Is Apple Being Anti-competitive?

By Clint Boulton  |  Posted 2010-06-12 Print this article Print


Apple's move paves the way for iAd, which the company fashioned from its purchase of Quattro Wireless after Google poached AdMob, to be the premier provider of in-app ads for the most popular smartphone in the country.

Jefferies and Co. analyst Youssef Squali said Apple's revised terms aren't healthy for developers.

"While we were not surprised by the move, we don't see this as good news for app developers who would need to rely on iAd and other smaller networks to monetize their iPhone apps traffic. While Android-based smartphones still lag behind Apple's iPhones in terms of U.S. market share, Android has grown 5 times in the last 12 months, indicating strong momentum.

"As such, we expect the Google/Android/AdMob ecosystem to remain highly relevant for app developers. Apple's blocking move validates what we've said repeatedly, that Google's investment in creating an open-source mobile operating system was a shrewd move as it provided a much-needed insurance policy against any competitive blockade, now becoming a reality with Apple."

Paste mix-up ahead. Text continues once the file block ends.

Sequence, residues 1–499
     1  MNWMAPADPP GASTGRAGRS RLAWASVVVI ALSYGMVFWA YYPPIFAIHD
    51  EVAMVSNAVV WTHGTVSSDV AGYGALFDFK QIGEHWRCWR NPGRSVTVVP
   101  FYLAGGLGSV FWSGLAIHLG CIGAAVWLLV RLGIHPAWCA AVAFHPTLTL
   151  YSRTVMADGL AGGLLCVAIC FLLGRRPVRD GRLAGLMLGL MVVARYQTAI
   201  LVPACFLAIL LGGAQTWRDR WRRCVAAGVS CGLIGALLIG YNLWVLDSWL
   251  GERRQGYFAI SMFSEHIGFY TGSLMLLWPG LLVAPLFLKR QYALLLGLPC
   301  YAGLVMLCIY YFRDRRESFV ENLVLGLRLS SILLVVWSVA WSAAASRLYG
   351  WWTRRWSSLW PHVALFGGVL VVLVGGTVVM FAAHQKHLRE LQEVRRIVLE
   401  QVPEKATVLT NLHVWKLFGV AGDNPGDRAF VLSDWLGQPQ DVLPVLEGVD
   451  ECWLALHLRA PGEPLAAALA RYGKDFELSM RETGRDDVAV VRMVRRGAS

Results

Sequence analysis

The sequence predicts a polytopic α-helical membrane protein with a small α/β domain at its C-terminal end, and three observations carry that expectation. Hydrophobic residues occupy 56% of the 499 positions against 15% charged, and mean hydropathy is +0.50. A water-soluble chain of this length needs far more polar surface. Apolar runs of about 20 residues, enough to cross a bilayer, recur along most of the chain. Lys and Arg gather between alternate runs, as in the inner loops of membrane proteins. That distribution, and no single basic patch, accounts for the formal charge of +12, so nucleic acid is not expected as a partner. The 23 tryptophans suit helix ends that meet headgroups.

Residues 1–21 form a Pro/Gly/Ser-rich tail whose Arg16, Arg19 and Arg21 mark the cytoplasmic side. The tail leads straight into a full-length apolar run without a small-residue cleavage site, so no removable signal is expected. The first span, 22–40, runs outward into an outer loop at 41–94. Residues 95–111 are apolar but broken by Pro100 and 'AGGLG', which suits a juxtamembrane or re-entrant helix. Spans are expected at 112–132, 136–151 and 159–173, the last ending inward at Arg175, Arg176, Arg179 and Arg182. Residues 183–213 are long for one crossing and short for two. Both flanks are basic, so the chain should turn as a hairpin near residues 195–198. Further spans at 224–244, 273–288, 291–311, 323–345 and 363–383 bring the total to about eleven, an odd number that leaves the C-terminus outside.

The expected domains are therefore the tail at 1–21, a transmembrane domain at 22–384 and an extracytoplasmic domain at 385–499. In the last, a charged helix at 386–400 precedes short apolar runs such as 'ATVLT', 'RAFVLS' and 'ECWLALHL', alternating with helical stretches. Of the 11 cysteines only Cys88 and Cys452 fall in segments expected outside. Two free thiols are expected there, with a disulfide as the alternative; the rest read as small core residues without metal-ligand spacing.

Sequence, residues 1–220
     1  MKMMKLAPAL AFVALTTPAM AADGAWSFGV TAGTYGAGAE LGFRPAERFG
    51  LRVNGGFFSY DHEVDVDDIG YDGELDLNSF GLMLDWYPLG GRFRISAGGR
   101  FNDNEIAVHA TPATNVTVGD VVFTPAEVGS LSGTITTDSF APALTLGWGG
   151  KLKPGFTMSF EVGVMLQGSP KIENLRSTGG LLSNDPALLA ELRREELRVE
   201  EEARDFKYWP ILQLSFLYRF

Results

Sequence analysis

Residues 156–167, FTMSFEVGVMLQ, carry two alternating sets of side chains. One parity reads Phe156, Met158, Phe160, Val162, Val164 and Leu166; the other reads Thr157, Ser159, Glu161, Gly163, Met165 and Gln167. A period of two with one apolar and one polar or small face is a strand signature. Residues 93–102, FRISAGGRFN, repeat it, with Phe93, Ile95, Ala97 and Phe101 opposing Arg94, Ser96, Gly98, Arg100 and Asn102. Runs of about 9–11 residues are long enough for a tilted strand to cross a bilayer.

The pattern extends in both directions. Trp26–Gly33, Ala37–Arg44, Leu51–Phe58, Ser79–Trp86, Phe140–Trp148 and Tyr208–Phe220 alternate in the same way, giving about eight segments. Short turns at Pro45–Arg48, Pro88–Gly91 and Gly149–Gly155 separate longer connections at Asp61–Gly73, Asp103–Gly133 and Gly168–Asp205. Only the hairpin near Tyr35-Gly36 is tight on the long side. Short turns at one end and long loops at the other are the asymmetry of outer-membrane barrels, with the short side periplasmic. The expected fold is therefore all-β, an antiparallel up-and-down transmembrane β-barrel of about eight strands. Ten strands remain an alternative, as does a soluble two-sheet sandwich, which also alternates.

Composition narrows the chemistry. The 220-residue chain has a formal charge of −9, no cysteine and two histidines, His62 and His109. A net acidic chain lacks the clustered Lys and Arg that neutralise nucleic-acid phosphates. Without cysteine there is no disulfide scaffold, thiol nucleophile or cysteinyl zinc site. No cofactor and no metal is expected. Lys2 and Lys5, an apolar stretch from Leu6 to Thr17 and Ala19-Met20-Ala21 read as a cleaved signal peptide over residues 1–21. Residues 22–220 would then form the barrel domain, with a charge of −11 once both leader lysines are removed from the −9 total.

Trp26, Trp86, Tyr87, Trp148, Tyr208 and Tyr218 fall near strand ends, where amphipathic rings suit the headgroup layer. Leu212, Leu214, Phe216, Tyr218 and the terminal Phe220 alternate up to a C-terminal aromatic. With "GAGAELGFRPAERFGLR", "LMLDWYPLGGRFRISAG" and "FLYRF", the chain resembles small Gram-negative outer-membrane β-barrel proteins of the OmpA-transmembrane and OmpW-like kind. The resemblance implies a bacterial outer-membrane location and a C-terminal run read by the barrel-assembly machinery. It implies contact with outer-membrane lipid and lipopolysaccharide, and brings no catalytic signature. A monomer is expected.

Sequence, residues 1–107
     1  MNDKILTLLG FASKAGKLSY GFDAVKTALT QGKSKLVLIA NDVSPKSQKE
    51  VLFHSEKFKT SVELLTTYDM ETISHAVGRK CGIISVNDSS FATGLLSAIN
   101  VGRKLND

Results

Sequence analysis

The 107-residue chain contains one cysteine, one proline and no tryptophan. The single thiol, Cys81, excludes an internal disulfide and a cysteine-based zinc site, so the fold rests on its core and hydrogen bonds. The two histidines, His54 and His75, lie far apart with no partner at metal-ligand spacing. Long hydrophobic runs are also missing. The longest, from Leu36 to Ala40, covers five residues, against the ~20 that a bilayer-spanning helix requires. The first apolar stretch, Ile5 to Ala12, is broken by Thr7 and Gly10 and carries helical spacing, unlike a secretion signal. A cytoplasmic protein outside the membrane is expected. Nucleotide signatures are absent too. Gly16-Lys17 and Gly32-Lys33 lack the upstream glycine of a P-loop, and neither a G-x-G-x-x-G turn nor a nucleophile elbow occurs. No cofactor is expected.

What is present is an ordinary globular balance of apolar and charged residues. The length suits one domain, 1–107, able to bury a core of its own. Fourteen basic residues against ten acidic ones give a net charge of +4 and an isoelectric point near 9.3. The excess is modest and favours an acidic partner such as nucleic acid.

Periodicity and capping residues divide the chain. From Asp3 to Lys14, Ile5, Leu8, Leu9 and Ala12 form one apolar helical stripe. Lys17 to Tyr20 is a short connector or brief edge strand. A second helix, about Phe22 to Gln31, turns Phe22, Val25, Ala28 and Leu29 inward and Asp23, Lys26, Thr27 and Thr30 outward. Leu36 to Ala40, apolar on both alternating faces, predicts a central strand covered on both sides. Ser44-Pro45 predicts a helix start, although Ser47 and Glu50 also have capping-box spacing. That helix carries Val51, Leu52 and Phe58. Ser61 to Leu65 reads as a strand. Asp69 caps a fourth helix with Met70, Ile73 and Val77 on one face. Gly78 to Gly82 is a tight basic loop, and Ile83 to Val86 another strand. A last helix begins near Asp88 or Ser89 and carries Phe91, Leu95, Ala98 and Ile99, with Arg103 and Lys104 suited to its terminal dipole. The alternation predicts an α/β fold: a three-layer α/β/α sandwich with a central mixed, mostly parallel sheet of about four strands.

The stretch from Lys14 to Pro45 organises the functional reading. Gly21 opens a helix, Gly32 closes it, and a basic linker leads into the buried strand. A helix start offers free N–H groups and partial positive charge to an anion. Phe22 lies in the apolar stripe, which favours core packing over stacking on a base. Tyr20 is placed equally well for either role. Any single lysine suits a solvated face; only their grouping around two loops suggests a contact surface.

Still, the mobile ad market is so nascent-there is no dominant leader in mobile ads the way Google is dominant in desktop search-that it may be hard for government regulators to successfully make a case versus Apple.

Industry analyst Greg Sterling, who parsed the issue in this blog post for Search Engine Land, agreed and told eWEEK:

"Do you look at impact or intent (behind the moves) or both? Is Apple genuinely worried about competitive information getting out via AdMob (yes)? Is it also trying to block Google in particular (yes)?

"I tend to think that the market still can sort this out, but there is a point when the feds need to get involved. Just don't think we're quite there. For example, if Apple were 60 percent of the smartphone market, it might be time. Apple's visibility in the mobile world is exaggerated relative to its share because its users are the most active."  

Ironically, the FTC nearly sued to block Google from buying AdMob in an effort to curtail Google's growing power in the ad market.

The agency relented and approved the deal after becoming convinced by Google and other experts Apple's iAd would keep the market competitive.

AdMob and Google aren't the only vendors to find themselves on the outside looking in at the iPhone.

Apple has refused to support Adobe's industry standard Flash video technology on its iPhone and iPad tablet computer. There are also concerns about Apple's approach to the music business as it prepares to launch a Web-based music service.


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